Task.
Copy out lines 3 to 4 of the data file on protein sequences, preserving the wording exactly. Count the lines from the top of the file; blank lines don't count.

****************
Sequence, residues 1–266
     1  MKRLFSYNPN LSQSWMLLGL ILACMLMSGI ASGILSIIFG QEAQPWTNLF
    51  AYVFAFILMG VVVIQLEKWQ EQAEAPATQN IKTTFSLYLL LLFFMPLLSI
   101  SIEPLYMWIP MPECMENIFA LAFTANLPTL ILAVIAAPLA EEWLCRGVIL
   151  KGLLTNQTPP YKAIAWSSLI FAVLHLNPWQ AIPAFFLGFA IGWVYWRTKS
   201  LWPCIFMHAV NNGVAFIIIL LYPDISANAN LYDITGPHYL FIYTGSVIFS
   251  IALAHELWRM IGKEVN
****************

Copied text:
    51  AYVFAFILMG VVVIQLEKWQ EQAEAPATQN IKTTFSLYLL LLFFMPLLSI
   101  SIEPLYMWIP MPECMENIFA LAFTANLPTL ILAVIAAPLA EEWLCRGVIL